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How To Use The Internet To Raise Money For Your Idea Or Project

Do you want to publish a book, film a documentary, or record an album?  A new way of raising money has hit the Internet.  Earlier this  year I wrote an article about a new law that will allow small business owners to raise capital without the large amount of red tape historically involved with such an undertaking.  Of course, raising capital typically means giving up a portion of the ownership of your enterprise to investors.  There is a new way to raise money for a specific project that still leaves you the 100 percent owner of the final product. The website allows individuals to raise an unlimited amount of money for their project.

In the example below an author successfully raised more than $25,000 to self publish a book. Click on the graphic to see the entire campaign.


I found Kickstarter to be a very user friendly website with a great FAQ section that cleared up some of the confusion I had about how this all worked.  

Eligibility To List A Project For Funding

To be eligible to start a Kickstarter project, you need to satisfy the requirements of Amazon Payments:

—You are 18 years of age or older.
—You are a permanent US resident with a Social Security Number (or EIN).
—You have a US address, US bank account, and US state-issued ID (driver’s license).
—You have a major US credit or debit card.


What Exactly Is A Project?

OK, this part left me a little confused at first, but I think I finally got it.  The site can be used for specific projects that have a finite lifespan.  For example, you can use the site to raise money to publish a book but not to start a publishing company.  You can raise money to film a documentary but not to open a movie theater (get it?).  

Backers can not receive a financial interest in your work, so incentives called 'rewards' are offered. Examples of rewards to backers are signed copies of a book, or even their name being listed in the acknowledgement section.  A film creator may offer a copy of the final DVD and list a backer's name in the credits of the movie.  People will be motivated by the rewards but mostly by the opportunity to be part of a project that they see merit in.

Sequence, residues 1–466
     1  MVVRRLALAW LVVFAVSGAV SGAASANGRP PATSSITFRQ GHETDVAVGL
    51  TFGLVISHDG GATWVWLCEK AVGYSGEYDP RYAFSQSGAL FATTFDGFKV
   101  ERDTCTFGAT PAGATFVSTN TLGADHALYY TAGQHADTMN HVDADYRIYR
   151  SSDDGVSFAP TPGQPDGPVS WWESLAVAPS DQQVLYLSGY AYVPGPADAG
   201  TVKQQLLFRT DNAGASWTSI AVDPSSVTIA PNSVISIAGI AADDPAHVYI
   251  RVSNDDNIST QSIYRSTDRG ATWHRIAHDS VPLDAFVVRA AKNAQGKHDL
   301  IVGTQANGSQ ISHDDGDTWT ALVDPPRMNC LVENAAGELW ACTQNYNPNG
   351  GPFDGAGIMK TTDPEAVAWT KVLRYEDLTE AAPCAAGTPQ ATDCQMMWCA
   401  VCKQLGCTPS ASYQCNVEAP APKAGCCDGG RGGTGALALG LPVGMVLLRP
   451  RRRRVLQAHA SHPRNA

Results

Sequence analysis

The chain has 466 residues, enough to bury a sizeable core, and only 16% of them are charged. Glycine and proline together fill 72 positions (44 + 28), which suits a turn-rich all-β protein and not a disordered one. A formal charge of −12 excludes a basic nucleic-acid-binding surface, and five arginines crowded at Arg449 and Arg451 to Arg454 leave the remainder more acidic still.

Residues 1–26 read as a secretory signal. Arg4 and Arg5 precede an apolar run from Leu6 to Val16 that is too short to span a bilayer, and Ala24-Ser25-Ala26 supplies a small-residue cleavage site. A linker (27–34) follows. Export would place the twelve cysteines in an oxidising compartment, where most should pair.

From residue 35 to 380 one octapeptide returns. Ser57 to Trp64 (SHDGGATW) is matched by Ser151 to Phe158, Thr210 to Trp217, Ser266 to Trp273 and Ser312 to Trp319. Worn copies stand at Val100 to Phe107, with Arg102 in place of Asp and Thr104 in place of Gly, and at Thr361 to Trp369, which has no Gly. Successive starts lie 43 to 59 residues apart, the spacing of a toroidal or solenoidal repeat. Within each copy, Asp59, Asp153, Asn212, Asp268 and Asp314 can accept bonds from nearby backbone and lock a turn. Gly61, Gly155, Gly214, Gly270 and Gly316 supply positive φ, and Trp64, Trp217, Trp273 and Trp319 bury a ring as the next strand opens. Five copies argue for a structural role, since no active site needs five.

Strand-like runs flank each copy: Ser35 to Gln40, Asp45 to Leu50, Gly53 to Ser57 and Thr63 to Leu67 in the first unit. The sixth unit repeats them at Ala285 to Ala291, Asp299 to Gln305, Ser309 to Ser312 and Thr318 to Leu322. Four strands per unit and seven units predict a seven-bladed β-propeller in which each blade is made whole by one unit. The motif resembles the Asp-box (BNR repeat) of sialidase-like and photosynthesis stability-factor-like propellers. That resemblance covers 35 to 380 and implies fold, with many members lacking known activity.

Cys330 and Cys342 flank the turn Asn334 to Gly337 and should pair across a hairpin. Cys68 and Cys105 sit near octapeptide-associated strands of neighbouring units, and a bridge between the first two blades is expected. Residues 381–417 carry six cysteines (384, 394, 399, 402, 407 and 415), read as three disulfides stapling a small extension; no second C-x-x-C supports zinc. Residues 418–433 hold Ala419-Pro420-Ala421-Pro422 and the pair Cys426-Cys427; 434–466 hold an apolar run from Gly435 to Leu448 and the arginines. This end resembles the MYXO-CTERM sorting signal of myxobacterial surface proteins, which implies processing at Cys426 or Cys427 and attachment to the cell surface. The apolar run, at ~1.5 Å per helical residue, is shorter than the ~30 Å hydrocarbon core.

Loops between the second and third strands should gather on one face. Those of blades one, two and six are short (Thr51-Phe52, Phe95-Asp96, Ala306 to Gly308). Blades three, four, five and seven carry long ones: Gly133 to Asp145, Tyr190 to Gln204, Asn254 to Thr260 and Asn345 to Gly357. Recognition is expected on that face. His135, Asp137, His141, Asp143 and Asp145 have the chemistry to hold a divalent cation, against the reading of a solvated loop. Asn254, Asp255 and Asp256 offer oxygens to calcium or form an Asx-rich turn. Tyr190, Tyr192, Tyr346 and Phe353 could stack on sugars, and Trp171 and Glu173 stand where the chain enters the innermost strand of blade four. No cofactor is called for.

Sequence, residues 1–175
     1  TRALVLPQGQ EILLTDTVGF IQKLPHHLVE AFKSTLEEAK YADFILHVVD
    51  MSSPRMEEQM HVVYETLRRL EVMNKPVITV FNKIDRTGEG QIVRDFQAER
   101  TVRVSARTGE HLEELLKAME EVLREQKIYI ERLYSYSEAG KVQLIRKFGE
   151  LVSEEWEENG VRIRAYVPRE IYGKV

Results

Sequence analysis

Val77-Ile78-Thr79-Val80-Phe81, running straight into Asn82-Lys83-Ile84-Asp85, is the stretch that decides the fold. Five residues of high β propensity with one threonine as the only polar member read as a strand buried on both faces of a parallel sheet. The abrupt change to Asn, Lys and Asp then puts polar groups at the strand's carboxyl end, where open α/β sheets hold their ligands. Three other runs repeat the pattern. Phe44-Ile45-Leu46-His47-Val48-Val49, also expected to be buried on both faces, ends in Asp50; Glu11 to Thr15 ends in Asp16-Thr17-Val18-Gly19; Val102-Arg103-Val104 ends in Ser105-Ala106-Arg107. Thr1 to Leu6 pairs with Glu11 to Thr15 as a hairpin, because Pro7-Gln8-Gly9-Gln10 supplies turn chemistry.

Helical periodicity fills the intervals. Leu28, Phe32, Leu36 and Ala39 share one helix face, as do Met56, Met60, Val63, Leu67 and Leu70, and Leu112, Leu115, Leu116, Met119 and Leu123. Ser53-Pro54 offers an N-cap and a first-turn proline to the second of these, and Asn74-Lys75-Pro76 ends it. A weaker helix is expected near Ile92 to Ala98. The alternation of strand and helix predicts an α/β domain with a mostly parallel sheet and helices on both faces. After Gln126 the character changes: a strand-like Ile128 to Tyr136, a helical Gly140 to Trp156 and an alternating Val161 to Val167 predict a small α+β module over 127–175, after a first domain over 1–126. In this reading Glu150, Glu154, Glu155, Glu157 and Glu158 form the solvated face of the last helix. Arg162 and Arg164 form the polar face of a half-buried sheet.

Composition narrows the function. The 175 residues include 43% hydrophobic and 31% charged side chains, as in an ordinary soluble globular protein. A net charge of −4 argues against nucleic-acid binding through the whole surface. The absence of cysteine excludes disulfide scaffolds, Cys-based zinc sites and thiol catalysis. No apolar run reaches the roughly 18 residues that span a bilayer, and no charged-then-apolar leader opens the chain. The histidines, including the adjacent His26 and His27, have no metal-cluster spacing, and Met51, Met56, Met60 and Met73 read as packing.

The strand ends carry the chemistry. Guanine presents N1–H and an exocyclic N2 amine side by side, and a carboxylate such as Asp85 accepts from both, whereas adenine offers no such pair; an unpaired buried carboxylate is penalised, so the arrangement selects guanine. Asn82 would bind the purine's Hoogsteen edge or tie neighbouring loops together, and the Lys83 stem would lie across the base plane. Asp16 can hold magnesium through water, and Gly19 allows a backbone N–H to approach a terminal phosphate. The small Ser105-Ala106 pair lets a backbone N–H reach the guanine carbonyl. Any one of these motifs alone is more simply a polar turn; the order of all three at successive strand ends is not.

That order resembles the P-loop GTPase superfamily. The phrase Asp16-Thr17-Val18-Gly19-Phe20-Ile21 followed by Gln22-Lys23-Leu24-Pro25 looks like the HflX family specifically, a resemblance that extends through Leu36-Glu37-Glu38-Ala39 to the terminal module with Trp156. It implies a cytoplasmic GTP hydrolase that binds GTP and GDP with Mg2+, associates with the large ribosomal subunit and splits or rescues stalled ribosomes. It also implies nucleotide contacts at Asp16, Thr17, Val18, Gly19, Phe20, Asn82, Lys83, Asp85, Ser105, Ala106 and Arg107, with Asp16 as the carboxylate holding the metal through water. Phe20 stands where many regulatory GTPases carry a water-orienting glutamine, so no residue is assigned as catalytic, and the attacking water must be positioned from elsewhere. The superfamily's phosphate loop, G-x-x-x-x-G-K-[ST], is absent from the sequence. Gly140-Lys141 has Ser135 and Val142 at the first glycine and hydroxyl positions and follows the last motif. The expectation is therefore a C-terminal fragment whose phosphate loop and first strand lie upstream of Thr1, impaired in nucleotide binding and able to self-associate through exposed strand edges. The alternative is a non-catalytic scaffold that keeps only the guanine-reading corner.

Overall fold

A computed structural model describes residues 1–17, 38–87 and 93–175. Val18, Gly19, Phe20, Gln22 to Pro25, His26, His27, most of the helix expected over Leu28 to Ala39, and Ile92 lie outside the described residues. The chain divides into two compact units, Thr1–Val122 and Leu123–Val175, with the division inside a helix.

Do I Have To Be A Non-Profit?

Some online fundraising sites require that you form a non-profit organization to qualify to raise funds.  This is not the case with Kickstarter, which makes it a very attractive option for anyone to consider.

How Much Will It Cost?

If your project does not successfully fund, then you pay nothing.  If your project is funded, Kickstarter takes a 5% cut of the final proceeds.


Here is a link to quite a few other online fundraising options for you to consider.  Keep in mind that each site has its own rules, requirements, fees, and limitations.  I really like this idea and am considering using it for a project of my own in the near future.   I was skeptical at first, but when I learned that 43% of the projects listed on Kickstarter in 2011 were successfully funded I was very impressed.

I am sure that like a lot of things on the Internet, people who already have a following will do better than those that don't.  With that in mind, starting a blog or website will give you much more online visibility and a place to promote your project outside of the Kickstarter site.

If you have ever used a site like Kickstarter to raise funds, I would love to read your story.  Please use the comments section below to share your own experience.

Helping you make the most of God’s money!

James L. Paris
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